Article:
"Who got it first? The state of Alaska got the land first. Who got it second? The Alaska Mental Health Trust got their lands," he said. "Where were you when they selected their lands? Where were you when the land was selected for cutting all the timber for Ketchikan Pulp Co. Did we have a say as Native people? No. Did anyone ask our leadership as a Native people? No. Did we object? We didn't know enough to object. Now, here we are fighting over pittance of land that was given, that was promised."

Wayne Weihing said the land belonged to all the citizens of the United States.

"That's why it's called a national forest," Weihing said. "It's a national forest because it belongs to everyone. When you privatize something, it takes away, not only from the people in Alaska but for everyone. It's going to put a devastating effect on what we're used to."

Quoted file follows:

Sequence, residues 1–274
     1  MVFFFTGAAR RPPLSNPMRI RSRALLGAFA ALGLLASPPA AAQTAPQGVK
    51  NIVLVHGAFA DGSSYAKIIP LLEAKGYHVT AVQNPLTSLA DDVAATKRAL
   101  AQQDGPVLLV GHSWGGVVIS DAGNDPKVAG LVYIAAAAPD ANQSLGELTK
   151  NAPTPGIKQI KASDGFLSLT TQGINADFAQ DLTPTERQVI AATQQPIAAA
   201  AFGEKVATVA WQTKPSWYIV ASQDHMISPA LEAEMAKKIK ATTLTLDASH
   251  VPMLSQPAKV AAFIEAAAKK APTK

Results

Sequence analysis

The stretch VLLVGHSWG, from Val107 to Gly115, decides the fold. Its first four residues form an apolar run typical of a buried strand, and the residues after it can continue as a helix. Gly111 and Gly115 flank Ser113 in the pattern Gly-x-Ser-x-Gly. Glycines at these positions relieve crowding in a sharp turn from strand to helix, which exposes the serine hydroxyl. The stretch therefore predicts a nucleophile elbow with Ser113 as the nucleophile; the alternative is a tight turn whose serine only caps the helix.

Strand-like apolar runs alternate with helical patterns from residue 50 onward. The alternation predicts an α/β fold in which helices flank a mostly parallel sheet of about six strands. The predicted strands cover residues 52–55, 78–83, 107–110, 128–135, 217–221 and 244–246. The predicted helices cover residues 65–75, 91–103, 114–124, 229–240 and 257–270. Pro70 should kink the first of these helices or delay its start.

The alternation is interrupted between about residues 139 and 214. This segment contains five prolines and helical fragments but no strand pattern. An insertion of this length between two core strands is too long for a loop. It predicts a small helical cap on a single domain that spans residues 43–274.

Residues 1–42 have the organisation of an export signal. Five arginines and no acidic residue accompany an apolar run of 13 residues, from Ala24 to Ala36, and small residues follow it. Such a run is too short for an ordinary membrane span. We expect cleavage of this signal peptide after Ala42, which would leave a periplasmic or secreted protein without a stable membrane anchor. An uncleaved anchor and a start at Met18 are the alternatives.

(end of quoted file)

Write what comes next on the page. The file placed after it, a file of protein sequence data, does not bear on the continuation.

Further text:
Joe Johnston said his problem with the bill was that it was drafted without a say from the local governments.

"This bill does not let locals say, 'Wait a minute, we have a use,'" Johnston said. "I look at this and right there where I go crabbing in Bostwick is a spot. Right where I go to the Naha is a spot. I guess Clover Bay is off the list, but right where I go fishing and hanging around in Clover Bay is a spot. It looks like just darn near every spot that is worth a damn is on the list."

Kurt Morin said he wasn't opposed to the Sealaska bill, except where it identified Coho Cove as a possible selection site.